Over the past decade, Europe has gone through a turbulent time, which has deflated employee optimism and cast a shadow over the continent. Yet as 2015 comes to a close, organisations are setting their sights on expansion and increased business success.

Here at ADP, we set out to explore how the increased stability is impacting employees’ perceptions about the working world. We found that an astonishing 77% of Europe’s workers now feel optimistic about the future of work. Whilst such optimism and confidence in the job market is great news for employee engagement and productivity, this could also result in employees broadening their career horizons.

In fact, a third (34%) of employees in Europe, and nearly a half (47%) in the UK say that they are planning to switch jobs within three years. As more and more workers intend to fly the nest, retaining talent could become a major business issue. Furthermore, those ex-employees who lack loyalty and enthusiasm for the organisation may spread negative comments that could cause severe reputational damage.

So, with your people as your greatest asset, what can you do to retain them?

Make a work-life balance a reality

Employees across Europe are striving to reverse the ‘always on’ working culture and attain some equilibrium in their lives, both in and outside of work. In fact, employees name a good work-life balance as the number one factor that motivates them.

Yet despite desires for a more balanced working life, 44% of workers say they often experience workplace stress. This is particularly concerning as high stress levels often affect job satisfaction and could cause an employee to leave their job. Organisations should be one step ahead and introduce strategies that alleviate work-related stress. Regular wellbeing check-ins with staff are important, as they enable management to see how employees are feeling and can help them mitigate stress at work.

Invest in your employees

Empowering employees and rewarding them for success is essential in creating an engaged workforce. Whilst financial rewards are of course an important mechanism to show employees that they are valued in the workplace, companies should also take time to review their wider benefits offerings and consider new ways to contribute to the overall wellbeing of their staff.

A quarter of workers (24%) say that receiving praise and recognition from management motivates them more than anything else and 15% of employees perceive benefits that look after their health and wellbeing as a top motivating factor. By offering options such as private healthcare and discounted gym memberships, or learning and development opportunities, companies can positively influence the comprehensive happiness, wellbeing and success of their employees.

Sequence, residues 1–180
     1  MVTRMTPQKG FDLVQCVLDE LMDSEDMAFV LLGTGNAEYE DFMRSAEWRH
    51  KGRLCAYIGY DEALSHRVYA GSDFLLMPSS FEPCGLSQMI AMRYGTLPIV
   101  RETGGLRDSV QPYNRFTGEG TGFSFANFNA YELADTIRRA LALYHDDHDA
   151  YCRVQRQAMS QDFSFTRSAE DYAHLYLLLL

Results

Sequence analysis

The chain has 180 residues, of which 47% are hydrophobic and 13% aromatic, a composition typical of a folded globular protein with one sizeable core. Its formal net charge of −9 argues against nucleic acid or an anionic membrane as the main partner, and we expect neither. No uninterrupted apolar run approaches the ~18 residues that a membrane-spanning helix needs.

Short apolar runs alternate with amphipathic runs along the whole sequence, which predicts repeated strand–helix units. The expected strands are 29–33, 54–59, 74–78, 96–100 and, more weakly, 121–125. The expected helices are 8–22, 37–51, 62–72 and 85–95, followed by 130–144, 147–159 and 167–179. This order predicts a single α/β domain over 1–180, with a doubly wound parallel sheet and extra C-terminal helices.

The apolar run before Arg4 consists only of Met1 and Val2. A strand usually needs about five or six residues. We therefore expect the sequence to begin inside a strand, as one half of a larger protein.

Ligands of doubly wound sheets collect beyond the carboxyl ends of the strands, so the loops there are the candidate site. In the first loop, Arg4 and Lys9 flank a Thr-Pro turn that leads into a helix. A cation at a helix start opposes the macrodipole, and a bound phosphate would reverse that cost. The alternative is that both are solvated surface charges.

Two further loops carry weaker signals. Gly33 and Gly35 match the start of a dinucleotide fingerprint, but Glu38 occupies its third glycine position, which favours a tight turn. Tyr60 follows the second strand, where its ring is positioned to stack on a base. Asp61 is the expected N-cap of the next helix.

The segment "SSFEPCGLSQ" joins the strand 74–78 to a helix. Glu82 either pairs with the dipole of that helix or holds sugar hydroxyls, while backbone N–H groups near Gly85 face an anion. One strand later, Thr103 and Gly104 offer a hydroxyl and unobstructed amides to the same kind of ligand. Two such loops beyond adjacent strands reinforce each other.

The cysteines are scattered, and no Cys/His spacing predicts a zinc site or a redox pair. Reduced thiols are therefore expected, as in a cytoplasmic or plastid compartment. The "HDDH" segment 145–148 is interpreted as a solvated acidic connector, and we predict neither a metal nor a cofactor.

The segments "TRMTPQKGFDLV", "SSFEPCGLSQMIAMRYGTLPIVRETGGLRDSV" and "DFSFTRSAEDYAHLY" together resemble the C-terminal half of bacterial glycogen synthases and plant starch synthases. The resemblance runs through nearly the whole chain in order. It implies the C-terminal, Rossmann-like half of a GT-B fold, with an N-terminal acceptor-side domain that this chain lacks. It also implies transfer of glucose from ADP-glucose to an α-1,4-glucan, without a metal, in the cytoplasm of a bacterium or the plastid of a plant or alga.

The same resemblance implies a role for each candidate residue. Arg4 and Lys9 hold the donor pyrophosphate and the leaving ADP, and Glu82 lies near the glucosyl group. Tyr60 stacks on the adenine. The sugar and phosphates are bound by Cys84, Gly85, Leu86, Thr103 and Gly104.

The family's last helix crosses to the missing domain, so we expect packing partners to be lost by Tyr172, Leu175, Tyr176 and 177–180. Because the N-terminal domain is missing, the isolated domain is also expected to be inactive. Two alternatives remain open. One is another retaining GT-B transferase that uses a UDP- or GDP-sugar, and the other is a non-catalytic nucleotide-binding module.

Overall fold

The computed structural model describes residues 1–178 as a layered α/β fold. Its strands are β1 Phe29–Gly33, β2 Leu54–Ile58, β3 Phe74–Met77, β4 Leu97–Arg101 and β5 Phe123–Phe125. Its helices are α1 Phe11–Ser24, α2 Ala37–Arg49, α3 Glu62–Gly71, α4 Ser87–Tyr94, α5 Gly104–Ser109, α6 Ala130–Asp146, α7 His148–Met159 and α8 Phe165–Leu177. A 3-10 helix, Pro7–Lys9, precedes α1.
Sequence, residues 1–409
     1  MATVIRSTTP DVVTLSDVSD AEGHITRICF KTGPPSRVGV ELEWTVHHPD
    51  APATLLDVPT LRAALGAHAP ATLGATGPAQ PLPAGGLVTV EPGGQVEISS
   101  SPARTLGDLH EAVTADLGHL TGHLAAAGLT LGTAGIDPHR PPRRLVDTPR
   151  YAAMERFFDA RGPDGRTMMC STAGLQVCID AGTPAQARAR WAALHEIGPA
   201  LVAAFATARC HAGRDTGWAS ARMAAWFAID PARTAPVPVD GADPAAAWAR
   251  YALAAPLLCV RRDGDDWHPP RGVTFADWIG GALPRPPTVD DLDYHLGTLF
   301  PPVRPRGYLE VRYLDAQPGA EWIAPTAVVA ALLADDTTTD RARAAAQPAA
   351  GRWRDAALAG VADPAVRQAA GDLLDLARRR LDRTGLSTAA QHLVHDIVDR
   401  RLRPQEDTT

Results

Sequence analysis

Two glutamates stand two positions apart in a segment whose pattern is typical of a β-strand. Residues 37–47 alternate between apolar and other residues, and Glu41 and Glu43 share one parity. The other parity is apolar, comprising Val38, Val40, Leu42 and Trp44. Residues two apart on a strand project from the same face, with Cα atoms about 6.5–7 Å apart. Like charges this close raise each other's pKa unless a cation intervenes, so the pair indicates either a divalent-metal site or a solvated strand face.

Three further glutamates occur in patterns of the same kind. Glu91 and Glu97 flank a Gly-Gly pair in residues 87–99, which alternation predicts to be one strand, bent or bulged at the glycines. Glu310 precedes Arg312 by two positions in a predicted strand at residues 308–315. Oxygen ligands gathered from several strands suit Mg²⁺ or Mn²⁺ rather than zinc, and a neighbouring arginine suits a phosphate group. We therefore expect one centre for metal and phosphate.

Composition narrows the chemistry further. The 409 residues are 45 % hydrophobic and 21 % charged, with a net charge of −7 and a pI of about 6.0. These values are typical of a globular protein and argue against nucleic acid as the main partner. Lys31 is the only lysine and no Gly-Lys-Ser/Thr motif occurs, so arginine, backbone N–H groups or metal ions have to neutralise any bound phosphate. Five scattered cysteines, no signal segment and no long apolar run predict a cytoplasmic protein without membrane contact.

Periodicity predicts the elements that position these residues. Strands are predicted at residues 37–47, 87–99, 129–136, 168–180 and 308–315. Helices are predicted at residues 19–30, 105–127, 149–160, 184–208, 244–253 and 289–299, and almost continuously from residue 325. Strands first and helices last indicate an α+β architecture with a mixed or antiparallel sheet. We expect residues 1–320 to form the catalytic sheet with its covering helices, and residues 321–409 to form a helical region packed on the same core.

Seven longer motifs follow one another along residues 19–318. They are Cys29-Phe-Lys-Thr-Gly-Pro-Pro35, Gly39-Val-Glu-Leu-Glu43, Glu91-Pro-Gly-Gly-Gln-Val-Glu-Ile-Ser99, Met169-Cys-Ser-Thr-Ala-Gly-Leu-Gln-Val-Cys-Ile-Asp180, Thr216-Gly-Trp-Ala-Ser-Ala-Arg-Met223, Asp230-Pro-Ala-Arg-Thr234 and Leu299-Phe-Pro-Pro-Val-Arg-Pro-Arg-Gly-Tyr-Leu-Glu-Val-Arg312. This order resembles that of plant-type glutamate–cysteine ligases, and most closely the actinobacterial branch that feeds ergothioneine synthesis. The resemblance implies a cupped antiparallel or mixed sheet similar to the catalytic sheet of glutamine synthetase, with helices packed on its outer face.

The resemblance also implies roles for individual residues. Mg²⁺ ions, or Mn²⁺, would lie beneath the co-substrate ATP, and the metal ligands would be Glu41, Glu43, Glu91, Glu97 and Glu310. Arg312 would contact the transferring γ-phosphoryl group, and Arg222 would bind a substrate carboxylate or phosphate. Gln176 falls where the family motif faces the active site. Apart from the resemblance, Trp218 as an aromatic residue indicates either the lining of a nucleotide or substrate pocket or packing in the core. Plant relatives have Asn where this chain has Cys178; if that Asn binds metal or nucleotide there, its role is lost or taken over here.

Create a unanimous culture

A key part of forming a strong employer brand is building a culture that inspires employees and aligns with their values. Employees who can relate to the brand and the company’s mission and vision are more likely to find personal fulfilment at work. For example, incorporating social and CSR activities that align with the personal interests of employees can build a stronger sense of belonging.

Today’s world of work is being impacted by a great deal of change; however, it is encouraging that the workforce is feeling more positive than ever about their future career prospects. While this is good news for businesses, their leaders need to be aware of how this may cause competition for talent to increase at a faster pace. In order to retain top talent and ensure a positive reputation is maintained, organisations need to consider how they can meet employees’ demands and introduce new strategies to enhance employee loyalty.

It is also important to remember that loyalty goes beyond the experience your employees have whilst they are working for you. Current and past employees will spread the word via their connections, social media and online – for example on Glassdoor, making your employer brand and reputation more transparent than ever. A loyal employee may still leave your organisation, but if they had a good experience, they will still spread the word, as will an employee who had a poor experience. By nurturing you talent now, you can ensure that they become real brand ambassadors once they move on.

For more insights on the future of work, read our new white paper, The Workforce View in Europe 2015/16, available at http://bit.ly/1PkiXJ9.